Up ahead a lone surprise hotel, a place with eight small palapas, coco-thatched cabañas, in the middle of a long stretch of steep white beach. This is the Sian Kaan nature reserve and only buildings such as this hotel which existed before the reserve was declared exist; nothing new may be built. I landed not far from the hotel thinking there might be a bar, I’ve learned a few tricks you know. I worked the boat up the sand, piled driftwood beneath the ama to level it out, erected the Asphalt Shack, cut some new sacrificial pegs for the rudders from bamboo driftwood and the woody skeletons of fan corals washed up on shore, scaled a palm and ate the best coconuts ever. Some Sol Caribe hotel guests came to say hello, they were very nice, people of taste who had elected this quiet and beautiful spot to vacation at because they are of that increasingly rare breed of person who can actually survive a few minutes without music or some vapid stimulation. Hello Maria and Seppo. I loved this beach, it was absolutely gorgeous and I had a divine, happy time beachcombing, doing my chores and sitting by my fire cooking pasta in a pot of salt and fresh water. There was no noise but the lapping of the sea, no engines, few bugs, neither hot nor cold… as close as I have come to paradise this whole trip. the ghost crabs were my friends, I was happy, and it seems to be no coincidence that I am happiest away from the tourists, in out-of-the-way places. I am unsure quite why this is.
My respects to Argentine Maurecio who was most friendly, he runs the Sol Caribe. Again and again I have met Argentines who impress me.
The next day I made a record 79km in a brisk wind with the usual following swell and the day still had a couple of hours to run when I heard a sort of faint whoop from behind me. I looked back and saw nothing but a white stick waving. I tacked back a few hundred meters and found a smiling man in a mask and snorkel with a massive lobster on the end of his speargun spear. This was Pedro. ” Was that you shouting? I asked “Do you need help?”
” I thought it was you who needed help. You look like a Cuban, or a pirate”.
I get this a lot. I am taken for a Cuban all the time although their escape vessels are never anything like mine. Also I am compared to Captain Jack Sparrow of Pirates of the Caribbean or to Kevin Costner in Waterworld. Waterworld comes up a lot. I am regularly checked for gills.
” No, I don’t need help. I’m just hungry.”
” Stop and camp here. I live there.” He gestured towards a couple of lonely shacks on the beach a half mile away. ” We will eat together. There’ s an entrance to the reef over there and Eduardo will help you when you land. Watch out, there are many rocks.”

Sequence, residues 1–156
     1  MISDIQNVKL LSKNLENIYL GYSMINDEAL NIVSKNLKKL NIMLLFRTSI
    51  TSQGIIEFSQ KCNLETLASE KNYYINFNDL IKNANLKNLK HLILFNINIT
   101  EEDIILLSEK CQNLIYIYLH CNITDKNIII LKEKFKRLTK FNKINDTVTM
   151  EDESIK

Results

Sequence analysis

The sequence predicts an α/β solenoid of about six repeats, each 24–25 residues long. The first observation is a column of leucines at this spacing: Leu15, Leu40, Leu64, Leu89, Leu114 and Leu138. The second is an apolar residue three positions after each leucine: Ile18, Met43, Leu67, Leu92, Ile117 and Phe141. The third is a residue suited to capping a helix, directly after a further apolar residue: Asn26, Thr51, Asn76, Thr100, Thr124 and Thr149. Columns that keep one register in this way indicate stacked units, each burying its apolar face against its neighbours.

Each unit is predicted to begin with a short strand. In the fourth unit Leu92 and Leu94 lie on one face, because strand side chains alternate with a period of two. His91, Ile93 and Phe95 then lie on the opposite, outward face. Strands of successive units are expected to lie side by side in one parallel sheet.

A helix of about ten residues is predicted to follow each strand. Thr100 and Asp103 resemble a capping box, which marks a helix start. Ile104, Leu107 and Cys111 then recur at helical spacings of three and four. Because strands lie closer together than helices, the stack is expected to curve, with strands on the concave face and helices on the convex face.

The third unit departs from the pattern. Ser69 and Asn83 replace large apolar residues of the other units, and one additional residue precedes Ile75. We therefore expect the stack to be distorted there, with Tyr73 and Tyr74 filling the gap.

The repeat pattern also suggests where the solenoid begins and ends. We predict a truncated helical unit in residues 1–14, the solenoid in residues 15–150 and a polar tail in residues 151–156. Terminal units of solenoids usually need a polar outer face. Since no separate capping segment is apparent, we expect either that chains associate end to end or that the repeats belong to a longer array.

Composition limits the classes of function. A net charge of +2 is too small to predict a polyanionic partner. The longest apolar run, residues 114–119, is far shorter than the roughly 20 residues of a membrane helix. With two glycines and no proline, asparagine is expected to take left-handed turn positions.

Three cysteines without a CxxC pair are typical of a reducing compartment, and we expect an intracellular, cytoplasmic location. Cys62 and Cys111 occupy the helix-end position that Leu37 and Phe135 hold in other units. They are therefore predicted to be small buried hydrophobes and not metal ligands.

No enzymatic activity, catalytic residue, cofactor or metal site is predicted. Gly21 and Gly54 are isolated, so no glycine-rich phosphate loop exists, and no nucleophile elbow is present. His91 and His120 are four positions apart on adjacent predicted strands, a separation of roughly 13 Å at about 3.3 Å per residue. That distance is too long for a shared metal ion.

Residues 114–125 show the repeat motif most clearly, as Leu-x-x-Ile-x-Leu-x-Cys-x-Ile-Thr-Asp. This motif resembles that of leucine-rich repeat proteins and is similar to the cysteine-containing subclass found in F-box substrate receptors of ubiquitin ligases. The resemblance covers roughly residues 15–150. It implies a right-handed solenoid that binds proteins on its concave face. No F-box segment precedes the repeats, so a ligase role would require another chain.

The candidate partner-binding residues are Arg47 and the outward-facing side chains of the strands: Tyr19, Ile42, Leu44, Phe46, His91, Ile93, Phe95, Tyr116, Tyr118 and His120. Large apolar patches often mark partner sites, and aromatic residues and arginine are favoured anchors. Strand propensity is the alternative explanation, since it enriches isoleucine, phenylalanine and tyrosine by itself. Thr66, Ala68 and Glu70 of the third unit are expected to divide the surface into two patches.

I decided to stop, his smile was so engaging. There were indeed many rocks but I missed them and made the beach. Eduardo, Pedro’s 17-year old helper was out tending to the fish trap, a long line of sticks and net that deflected fish down to an enclosure at one end. There was a big moray in it today which is useless to them and dangerous too so Eduardo came back in with only a single fish.
Miguel Angelo “da Vinci” appeared. Ancient, eight-fingered and one-eyed. He seemed utterly unsurprised to see me. We chatted a bit though I understood little of what he said, then he went off to pole his motorless lancha off down the beach to set his net.
Three huts there were, nothing else for miles but a dirt road ran along the coast a hundred meters inland. Pancho showed up on a motorcycle and came to admire Desesperado and talk. A couple of hours passed and Pedro emerged from the sea bearing a bag of twenty lobster tails – the rest of the creatures were discarded at sea – and I was invited to eat. Dinner was deep-fried lobster tails for me, tortillas and Cup o’ Noodles all round washed down with Nescafe and the vodka I’d produced from Cargo Bay Three, mixed with coconut water which goes very well indeed. Pedro and Eduardo being Evangelists do not drink (saved from bad habits earlier in life by Dios, I must have heard this story a hundred times) but Pancho more than made up for it. He is an Evangelist too but “not a good one”. We ate seated on gasoline cans around a battered cable spool for a table and thrashed in the intense mosquitos; the typical half-assed mosquito shelter they had made was worse than useless, I swear there were more bugs inside than out. I emerged for another coconut from time to time. Pedro demolished the most enormous plate of fried fish and most of a kilo of tortillas at gustatory athlete speed – he had been in the ocean for more than four hours without a wetsuit and was famished. His girth indicated that his regular input was something more than his output. I’d found him outside the reef, alone, in about three meters of water, at least a half-mile from land. This I think takes balls: they said that there are sharks which come and take an interest but normally do not bite, if they do it is by mistake because they have such poor vision. Cutting the lobsters in half does not attract them because “lobsters have transparent blood”, but when fish are speared then carried around in a net bag this is more of a problem. We told stories, had a long talk about Dios. I don’t agree with them but the innocence of their position is endearing.